The purpose of rain gutters on your home is to move water away from your structure. This protects your home’s frame from mold, mildew, warping, and other damage. As rain (or melting snow) moves down your roof, it is collected in the gutter and moves to an opening at the corner, or corners, of your house. The water then flows into a downspout that (ideally) has an elbow at the bottom to direct the water away from your foundation. When the gutters fill with debris such as dirt, leaves and pine needles, the openings get clogged, the water backs up and spills over, and your home is no longer protected. Water damage can occur and ruin your roof, the fascia and eves, as well as the foundation, basement, or crawlspace. This type of damage is very costly but can be prevented.
When Do I Clean My Gutters and What Do I Need?
To keep your gutters performing optimally, clean and maintain them on a regular basis. Depending on your environment, you may need to do this twice per year, but at a minimum, do it every autumn when the leaves fall, and before the snow starts.
Plan to clean the gutters when the weather has been dry, as wet leaves can be heavy and messy. Here’s what you’ll need: a ladder, a trough, a bucket with a metal hook, a garden hose with a nozzle (or an attachment specifically for gutter-cleaning), and work gloves. We recommend a good, sturdy step ladder on level ground, if possible. For two-story homes, you will need to use an extension ladder. If you’re not comfortable with ladders or heights, then it’s best to hire someone to help.
Gutter Cleaning; How to tips
Once your ladder is in place, you’ll want to attach the bucket using the metal hook. Use this to hold the debris you remove from the gutter. You may want to use a second bucket/hook to hold your tools if you don’t have a sturdy tool belt. Start by the downspout and remove leaves and twigs. Use the trough to loosen tightly packed debris. Use the pail to hold this debris and carry it to the ground. (Tossing it into the yard creates more work.) To stay safe, don’t reach; clean the area in front of you, then move the ladder to the next section. When you’ve removed the large debris from the full length of the gutter, use your hose to flush out whatever remains, starting at the opposite side of the downspout. The water should move freely. If the water backs up, there is likely a clog in the downspout.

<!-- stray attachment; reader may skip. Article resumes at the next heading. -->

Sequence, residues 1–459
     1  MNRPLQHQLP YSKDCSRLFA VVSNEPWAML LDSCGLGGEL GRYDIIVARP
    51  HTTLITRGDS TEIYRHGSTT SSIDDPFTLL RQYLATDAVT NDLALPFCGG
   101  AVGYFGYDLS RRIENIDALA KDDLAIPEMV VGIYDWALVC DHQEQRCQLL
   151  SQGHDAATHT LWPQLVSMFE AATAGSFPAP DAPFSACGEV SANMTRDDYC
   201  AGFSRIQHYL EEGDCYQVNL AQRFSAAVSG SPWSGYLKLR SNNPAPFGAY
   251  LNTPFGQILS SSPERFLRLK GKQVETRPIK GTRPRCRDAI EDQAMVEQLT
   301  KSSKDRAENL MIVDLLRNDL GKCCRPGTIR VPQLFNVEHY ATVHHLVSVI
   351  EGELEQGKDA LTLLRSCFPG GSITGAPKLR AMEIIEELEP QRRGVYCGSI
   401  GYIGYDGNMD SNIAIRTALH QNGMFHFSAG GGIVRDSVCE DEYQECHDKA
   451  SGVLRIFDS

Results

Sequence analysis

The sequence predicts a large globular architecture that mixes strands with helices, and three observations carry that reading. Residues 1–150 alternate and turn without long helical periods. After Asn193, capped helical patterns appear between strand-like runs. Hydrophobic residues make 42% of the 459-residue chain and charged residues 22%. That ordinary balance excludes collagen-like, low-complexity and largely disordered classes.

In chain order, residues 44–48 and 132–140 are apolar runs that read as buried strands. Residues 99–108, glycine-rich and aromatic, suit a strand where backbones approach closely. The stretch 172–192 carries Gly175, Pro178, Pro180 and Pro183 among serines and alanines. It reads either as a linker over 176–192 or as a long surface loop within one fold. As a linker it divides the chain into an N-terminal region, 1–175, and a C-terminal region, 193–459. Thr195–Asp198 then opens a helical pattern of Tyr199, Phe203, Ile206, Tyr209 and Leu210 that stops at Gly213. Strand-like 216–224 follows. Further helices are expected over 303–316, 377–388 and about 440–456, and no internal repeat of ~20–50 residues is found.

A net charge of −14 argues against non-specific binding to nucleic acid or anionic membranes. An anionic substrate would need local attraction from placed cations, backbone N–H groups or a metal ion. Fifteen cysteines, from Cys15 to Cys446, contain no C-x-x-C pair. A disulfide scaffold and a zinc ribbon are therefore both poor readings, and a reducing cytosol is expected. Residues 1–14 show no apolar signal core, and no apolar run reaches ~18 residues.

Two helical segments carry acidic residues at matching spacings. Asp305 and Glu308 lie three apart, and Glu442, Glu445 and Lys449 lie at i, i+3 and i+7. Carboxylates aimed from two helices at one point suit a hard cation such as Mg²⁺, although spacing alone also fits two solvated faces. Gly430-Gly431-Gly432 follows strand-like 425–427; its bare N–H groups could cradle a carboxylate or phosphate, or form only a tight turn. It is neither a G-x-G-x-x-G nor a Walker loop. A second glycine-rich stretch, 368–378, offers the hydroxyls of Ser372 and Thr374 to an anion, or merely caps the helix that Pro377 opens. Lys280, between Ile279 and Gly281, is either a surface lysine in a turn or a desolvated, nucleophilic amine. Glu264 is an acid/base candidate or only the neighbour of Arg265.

From the ground, snake your hose up the downspout and turn the water on full force to flush whatever is blocking the pipe. If your downspout feeds into an underground system, you’ll need to remove the bottom section of the downspout to get the hose in. Once this is clear, flush your gutter once again to ensure the water moves freely.